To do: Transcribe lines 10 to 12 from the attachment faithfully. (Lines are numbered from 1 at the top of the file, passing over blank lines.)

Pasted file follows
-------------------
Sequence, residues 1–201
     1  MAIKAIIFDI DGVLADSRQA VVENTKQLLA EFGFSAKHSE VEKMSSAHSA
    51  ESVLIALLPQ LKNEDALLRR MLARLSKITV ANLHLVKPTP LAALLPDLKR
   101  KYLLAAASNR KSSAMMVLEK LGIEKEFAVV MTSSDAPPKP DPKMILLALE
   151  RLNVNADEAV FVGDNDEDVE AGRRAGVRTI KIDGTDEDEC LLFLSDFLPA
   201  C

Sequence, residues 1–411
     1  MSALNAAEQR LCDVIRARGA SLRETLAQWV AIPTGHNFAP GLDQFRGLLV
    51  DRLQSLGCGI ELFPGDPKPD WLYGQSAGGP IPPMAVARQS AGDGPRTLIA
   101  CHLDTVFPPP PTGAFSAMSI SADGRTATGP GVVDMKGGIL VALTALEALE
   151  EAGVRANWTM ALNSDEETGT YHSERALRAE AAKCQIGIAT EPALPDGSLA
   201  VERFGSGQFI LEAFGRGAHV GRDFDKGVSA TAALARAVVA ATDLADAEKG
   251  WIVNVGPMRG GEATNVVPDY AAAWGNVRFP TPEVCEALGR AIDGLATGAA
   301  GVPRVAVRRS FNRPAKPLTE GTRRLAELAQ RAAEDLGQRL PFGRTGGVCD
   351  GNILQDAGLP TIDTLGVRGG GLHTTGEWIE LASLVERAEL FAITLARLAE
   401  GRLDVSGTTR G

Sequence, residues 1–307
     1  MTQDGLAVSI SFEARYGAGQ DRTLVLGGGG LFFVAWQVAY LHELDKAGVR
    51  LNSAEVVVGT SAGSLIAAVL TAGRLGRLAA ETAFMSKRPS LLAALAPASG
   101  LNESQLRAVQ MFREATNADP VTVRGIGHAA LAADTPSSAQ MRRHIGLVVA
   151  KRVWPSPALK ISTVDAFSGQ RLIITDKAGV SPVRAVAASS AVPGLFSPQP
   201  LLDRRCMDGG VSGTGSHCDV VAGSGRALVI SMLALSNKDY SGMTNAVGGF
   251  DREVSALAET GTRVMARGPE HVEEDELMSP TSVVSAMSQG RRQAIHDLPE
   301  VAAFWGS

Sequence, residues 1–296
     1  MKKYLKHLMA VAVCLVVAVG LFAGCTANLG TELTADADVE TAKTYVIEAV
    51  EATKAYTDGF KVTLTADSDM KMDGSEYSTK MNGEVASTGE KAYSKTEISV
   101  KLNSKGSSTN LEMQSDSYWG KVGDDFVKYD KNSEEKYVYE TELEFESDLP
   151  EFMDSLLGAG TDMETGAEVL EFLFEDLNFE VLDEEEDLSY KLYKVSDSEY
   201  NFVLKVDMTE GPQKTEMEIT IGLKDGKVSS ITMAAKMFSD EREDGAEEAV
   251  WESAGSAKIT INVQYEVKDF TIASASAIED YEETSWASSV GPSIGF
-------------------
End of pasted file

   101  CHLDTVFPPP PTGAFSAMSI SADGRTATGP GVVDMKGGIL VALTALEALE
   151  EAGVRANWTM ALNSDEETGT YHSERALRAE AAKCQIGIAT EPALPDGSLA
   201  VERFGSGQFI LEAFGRGAHV GRDFDKGVSA TAALARAVVA ATDLADAEKG